Facebook (FB) a bad investment? There’s a great deal of hate about Facebook’s stock, and I simply do not get it. Personally, I am not a enthusiast of using Facebook, but that’s not FB’s problem. I can’t stand how many people appear to won’t communicate using any method.
It formed another coating of peer pressure which makes each folks decide whether to conform or confront it–no room for anything in-between. That’s a mark of something that has developed market share, which is precisely the business design that developed from FB. I keep hearing that FB isn’t worth anything, but technology stocks aren’t “value” stocks–They’re “growth” stocks, and I have no idea anything with more growth potential than a communication device utilized by almost 1 billion people.
FB just got a lot of money, and they have intelligent enough management to know how to use that money–like buying their competition and companions to improve what they provide. Their business design is stronger than Google’s since they have actual user data. Google (G) must think like an insurance actuary–just guessing which “types of individuals” are “likely to type” in certain keywords.
Facebook has real data. I realize that people “Like” things for all sorts of reasons–discount or peer pressure–that do not relate with buying tendencies. However, they know what gender you are, in which location you’re centered, and where location you are seated as you’re using your computer. Facebook has grandparents engaged.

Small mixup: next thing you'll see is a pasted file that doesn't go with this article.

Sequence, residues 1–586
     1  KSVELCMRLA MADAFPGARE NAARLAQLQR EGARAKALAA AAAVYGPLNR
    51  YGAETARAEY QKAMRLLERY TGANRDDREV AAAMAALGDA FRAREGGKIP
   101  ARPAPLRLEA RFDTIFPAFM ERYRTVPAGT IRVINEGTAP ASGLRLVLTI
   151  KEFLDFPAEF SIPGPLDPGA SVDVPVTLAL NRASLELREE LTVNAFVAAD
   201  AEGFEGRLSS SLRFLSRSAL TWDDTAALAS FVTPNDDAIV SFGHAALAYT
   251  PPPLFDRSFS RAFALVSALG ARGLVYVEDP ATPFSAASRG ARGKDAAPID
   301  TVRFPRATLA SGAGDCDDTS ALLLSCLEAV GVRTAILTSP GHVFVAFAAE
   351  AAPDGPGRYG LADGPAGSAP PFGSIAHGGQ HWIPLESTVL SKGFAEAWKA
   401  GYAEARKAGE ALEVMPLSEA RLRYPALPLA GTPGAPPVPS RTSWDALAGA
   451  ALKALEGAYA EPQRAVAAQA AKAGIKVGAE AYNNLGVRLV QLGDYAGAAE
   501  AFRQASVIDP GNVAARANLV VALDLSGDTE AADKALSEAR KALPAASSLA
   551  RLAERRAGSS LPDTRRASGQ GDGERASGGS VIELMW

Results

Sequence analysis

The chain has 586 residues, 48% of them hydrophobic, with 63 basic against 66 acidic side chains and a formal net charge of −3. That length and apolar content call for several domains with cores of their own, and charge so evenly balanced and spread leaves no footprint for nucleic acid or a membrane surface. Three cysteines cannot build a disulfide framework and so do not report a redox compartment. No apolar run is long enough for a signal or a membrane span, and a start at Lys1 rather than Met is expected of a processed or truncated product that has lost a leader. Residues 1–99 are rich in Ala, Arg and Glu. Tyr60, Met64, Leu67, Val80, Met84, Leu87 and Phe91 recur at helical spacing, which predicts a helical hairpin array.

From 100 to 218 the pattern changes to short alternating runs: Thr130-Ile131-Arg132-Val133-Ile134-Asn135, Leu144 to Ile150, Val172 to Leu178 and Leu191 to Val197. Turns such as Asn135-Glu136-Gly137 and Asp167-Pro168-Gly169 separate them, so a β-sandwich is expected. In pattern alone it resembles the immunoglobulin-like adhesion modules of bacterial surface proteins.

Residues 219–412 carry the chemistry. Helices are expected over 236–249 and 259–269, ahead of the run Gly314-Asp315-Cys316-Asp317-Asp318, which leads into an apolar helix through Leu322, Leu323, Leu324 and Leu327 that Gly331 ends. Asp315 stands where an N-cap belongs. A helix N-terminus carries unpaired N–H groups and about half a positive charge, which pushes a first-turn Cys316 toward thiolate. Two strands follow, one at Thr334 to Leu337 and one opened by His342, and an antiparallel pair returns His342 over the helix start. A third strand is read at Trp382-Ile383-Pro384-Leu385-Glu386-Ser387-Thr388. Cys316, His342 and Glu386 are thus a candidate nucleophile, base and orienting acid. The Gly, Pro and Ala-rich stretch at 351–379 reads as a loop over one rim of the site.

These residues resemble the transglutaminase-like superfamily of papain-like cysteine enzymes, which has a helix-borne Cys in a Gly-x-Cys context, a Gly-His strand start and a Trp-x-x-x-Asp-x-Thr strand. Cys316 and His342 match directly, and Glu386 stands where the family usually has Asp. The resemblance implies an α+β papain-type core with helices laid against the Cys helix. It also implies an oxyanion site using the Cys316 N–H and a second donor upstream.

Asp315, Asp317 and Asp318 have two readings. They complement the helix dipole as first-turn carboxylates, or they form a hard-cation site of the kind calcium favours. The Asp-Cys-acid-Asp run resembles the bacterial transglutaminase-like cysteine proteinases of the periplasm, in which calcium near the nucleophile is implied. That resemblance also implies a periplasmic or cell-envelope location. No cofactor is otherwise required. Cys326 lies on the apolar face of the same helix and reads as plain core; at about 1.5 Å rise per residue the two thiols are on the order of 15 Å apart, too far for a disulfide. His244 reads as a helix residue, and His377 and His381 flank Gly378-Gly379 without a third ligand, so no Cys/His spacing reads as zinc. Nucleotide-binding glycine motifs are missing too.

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- Investment Goals
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They aren’t jumping to that “new” social media platform. Facebook is for a while here. Many people have a tendency to be socially motivated to remain on there. They’re not going anywhere. So targeted advertising there is the perfect model. Plus, they have A lot money. Do you consider that they’re going to go bankrupt anytime soon?
While some think this is the time to join global equities, their theory is merely based on mean reversion, and I would disregard their advice. Risks are increasing all over the world, deflation demons are awakening using their nap, and they’ll feature a vengeance over another two years back again.
You can take dangers in the stock market but be careful not to overstay your pleasant. These markets are extremely illusory, all seems fine until it isn’t. Keep that in mind the next time you read an article about the “longest bull market in history”. It’s all bull and it’s really bad for you! Below, St. Louis Fed President James Bullard joins CNBC’s Steve Liesman to go over the produce curve and the neutral fed money rate from the Fed’s Jackson Hole conference.